Depending on whom you talk to, Google Glass is either the next essential digital tool, think iPhone, or the newest toy for the ultimate geek, i.e., the Segway. Whatever you think of Glass, the wearable computer with an optical head-mounted display is poised to revolutionize healthcare.
Worn by doctors in the operating theater, Glass can provide vital information without surgeons taking their eyes off the patient. At Boston’s Beth Israel Deaconness Medical Center, ten clinicians are using Glass to call up CT and X-ray images while performing various surgical procedures.
For less critical applications, the Glass app OneDX interfaces with wearable medtech devices. Glass-wearing physicians can access output from patient’s devices transmitting information through the Internet. Those using Glass can also call up medical reports, exam schedules and other patient information.
Glass can also be used to save physicians time when dealing with electronic health records. Studies show doctors spend from 30 to 50 percent of their time working on computers to document EHR. With clinical apps currently being developed, doctors will be able to retrieve and input EHR information using Glass.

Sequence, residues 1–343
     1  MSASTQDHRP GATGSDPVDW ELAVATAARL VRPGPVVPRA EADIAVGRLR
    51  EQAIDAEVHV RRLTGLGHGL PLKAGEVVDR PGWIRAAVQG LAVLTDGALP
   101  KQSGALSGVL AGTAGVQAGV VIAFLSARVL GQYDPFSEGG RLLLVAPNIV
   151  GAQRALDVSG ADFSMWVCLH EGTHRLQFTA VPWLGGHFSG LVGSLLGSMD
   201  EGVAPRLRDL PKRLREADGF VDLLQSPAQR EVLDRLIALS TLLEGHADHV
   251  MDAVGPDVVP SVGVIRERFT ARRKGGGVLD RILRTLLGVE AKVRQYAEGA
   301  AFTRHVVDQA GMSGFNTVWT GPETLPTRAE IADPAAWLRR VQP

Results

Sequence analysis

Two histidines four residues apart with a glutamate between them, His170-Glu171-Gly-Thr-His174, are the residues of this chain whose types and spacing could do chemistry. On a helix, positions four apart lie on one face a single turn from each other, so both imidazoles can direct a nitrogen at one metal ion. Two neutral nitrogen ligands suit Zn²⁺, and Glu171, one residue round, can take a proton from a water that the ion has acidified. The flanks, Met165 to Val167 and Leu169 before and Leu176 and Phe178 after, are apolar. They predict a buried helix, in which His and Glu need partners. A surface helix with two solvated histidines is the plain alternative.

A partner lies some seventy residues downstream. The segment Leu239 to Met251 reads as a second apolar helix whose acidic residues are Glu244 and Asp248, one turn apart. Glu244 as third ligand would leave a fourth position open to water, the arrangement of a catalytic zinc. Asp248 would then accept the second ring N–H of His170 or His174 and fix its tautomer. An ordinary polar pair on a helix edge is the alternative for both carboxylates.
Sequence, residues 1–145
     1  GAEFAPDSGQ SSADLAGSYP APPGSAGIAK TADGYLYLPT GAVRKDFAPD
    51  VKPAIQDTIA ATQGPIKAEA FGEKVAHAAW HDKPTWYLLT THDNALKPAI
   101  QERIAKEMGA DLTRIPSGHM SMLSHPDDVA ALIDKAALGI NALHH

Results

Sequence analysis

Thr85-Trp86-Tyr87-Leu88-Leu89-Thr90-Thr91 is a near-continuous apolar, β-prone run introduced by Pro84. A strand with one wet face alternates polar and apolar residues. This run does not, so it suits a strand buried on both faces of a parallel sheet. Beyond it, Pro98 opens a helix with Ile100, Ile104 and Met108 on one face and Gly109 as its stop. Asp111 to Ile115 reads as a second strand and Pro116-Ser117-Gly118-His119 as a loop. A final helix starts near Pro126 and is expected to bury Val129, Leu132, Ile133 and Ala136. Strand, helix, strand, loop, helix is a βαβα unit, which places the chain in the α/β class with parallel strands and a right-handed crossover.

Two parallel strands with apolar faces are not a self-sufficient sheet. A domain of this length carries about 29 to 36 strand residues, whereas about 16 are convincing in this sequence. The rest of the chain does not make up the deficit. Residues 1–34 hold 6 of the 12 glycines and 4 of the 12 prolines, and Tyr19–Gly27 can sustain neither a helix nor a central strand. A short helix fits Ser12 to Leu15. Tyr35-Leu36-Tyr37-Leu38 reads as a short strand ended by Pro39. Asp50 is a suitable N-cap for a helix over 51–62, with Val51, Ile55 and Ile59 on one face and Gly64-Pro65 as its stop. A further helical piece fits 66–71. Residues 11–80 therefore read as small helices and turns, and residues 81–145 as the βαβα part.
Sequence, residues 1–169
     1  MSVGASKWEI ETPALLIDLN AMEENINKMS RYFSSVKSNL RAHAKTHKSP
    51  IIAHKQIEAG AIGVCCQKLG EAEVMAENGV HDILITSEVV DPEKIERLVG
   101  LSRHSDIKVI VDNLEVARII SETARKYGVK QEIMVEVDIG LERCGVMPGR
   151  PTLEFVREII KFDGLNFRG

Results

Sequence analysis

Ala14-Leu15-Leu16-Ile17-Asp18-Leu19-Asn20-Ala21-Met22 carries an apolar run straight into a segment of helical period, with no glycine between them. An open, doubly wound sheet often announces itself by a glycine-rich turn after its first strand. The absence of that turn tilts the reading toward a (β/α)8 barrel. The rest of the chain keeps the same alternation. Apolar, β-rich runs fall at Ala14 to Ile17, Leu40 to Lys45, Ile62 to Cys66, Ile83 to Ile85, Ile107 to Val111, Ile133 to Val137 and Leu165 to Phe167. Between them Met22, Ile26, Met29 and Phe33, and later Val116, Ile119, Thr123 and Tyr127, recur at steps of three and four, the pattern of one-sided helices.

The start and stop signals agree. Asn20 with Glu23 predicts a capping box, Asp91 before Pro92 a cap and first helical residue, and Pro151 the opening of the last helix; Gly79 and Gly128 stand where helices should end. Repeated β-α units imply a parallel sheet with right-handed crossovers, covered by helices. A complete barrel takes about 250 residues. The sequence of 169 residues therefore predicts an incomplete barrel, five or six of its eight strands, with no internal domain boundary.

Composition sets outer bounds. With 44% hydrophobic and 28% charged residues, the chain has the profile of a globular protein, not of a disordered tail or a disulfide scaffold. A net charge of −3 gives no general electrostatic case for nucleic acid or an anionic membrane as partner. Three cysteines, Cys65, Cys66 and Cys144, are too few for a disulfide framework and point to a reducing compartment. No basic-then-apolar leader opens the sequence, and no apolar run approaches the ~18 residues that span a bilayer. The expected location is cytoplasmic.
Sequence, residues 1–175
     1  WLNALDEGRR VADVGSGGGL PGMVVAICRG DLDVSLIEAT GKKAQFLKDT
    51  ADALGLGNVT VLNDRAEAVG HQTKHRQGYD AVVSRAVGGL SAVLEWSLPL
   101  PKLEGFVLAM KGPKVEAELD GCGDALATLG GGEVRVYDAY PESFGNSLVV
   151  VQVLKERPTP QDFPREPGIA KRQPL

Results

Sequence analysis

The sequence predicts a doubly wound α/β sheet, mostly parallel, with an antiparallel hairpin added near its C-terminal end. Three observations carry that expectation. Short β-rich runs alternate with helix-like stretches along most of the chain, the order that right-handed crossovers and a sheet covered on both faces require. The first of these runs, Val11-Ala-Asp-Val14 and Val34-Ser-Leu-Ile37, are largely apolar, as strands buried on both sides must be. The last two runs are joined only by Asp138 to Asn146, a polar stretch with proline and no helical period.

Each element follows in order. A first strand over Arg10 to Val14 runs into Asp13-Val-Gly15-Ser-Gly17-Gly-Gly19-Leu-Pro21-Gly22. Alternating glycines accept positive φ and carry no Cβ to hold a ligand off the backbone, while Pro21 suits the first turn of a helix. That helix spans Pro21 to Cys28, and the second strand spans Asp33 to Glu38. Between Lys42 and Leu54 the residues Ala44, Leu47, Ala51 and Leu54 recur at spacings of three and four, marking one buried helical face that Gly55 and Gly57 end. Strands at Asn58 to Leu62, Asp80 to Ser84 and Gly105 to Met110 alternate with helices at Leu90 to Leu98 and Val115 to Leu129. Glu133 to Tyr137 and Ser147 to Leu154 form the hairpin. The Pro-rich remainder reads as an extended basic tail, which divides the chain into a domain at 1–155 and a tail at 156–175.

In the near future, Glass will provide independence to people with numerous medical conditions. Those suffering from hearing or vision loss, memory issues, or diseases like Parkinson’s will use the devices to prompt them while walking, warn them of hazards, remind them to take meds, and contact relatives and responders in emergencies.
The startup company Sension, developed by 18-year-old Stanford student Catalin Voss, is marketing a facial recognition app for Glass. It was originally designed for education and games but it can recognize emotions such as a frown, a smile and raised eyebrows. Voss, who has an autistic cousin, realized the app can be used to help him identify emotions in others.
On a more playful note, Glass can transport wearers to an augmented reality when exercising. When development is complete on the Race Yourself app, it will allow joggers to race against virtual projections of friends or celebrities. They can monitor time, calories burned, and their position, all the while running from rolling boulders or blood-thirsty zombies